Click the Install button, and you should be rewarded with an "Installation was completed successfully" message:
Then you must enable your new theme; click "Enable newly added themes," find your new theme, and click "Enable and set default." Figure 10 shows how Puppyworld looks with the Tapestry theme. Obviously it needs some tweaks, like getting rid of the giant "Tapestry a Drupal Theme" banner. Go to Appearance -> Settings to customize your theme. Depending on what your theme supports, you should be able to change colors, layout, headers and footers, menus, and other page elements without having to dig into the page code.
If I want Puppyworld visitors to find my new Drupal site at tuxcomputing.com, not tuxcomputing.com/drupal, I have to edit two files. First, find or create an .htaccess file for Apache, in your site's root directory, and add these lines:
RewriteEngine onRewriteRule (.*) drupal/$1 [L]
If your Drupal installation is not in a directory named drupal, substitute your directory name in the second line. Then find Drupal's sites/default/setting.php file. It will probably be read-only; change its permissions to 0644 so you can edit it. Find the Base URL section and change it to your own site's base URL, like this:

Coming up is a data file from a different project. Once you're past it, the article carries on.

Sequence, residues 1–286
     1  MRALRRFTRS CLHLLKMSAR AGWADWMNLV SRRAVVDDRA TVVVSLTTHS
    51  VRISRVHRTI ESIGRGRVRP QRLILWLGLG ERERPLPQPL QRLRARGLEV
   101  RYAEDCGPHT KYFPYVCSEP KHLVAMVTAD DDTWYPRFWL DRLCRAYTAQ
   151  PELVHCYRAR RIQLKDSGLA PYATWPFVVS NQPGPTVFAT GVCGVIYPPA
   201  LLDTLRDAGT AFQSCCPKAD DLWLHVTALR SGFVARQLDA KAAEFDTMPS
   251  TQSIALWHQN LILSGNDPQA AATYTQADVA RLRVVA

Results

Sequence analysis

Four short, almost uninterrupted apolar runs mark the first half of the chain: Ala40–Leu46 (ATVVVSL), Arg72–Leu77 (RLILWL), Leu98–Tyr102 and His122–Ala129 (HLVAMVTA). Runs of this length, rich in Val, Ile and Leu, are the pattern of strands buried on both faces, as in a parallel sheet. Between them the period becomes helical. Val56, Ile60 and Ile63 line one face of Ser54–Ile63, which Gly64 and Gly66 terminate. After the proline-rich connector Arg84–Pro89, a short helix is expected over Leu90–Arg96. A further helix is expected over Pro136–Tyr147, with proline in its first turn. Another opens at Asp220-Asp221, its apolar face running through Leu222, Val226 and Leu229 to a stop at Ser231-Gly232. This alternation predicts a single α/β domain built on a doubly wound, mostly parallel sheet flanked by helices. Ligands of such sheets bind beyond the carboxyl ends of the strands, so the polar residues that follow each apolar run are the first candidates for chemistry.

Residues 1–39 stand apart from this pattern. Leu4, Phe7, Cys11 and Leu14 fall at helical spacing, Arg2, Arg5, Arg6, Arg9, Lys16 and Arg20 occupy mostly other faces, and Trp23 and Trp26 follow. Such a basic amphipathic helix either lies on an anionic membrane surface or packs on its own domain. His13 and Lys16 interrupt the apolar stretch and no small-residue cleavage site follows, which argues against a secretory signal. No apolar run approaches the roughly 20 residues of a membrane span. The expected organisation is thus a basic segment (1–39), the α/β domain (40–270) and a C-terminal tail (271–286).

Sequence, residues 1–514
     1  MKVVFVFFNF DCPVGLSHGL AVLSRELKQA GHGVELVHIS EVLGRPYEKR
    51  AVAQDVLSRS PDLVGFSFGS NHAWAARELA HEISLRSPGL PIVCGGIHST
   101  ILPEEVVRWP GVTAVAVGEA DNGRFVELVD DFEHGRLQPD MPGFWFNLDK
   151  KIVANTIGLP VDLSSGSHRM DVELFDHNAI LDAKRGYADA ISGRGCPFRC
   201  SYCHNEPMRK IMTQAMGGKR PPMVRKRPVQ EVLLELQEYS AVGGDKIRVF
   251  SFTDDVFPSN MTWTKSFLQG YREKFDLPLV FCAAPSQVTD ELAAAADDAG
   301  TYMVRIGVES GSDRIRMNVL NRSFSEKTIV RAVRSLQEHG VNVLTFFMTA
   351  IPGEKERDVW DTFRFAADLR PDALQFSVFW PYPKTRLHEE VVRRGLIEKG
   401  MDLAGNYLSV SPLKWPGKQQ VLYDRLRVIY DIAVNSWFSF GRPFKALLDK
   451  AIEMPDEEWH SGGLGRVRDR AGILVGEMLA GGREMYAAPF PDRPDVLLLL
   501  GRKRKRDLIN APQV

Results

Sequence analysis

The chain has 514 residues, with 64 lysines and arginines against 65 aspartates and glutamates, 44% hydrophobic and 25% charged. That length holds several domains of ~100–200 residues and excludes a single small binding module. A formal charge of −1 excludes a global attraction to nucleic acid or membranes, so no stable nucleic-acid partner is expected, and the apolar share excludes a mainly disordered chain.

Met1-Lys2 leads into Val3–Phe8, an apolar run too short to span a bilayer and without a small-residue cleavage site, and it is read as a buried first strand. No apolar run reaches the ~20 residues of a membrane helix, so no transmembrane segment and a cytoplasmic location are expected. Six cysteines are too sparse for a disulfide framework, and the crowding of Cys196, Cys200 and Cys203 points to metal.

* It is not allowed to have a trailing slash; Drupal will add it * for you. */$base_url = 'http://www.tuxcomputing.com'; // NO trailing slash!
These two changes activate Apache's URL rewriting module, and automatically forward all requests for tuxcomputing.com to tuxcomputing.com/puppyworld – which is a whole lot easier than moving entire directories of files and changing all their URLs. Don't forget to change the file permissions back to read-only, 0444, when you're done, as a basic security precaution.
What next? The sky's the limit: You can add forums and multimedia galleries, allow user comments, set up multiple site admins, fine-tune the layout and organization, make mobile-friendly pages, and add accessibility features. Drupal allows a high degree of customizability, so you can make your site do pretty much whatever you want. Visit Drupal.org to find more documentation and helpful user communities.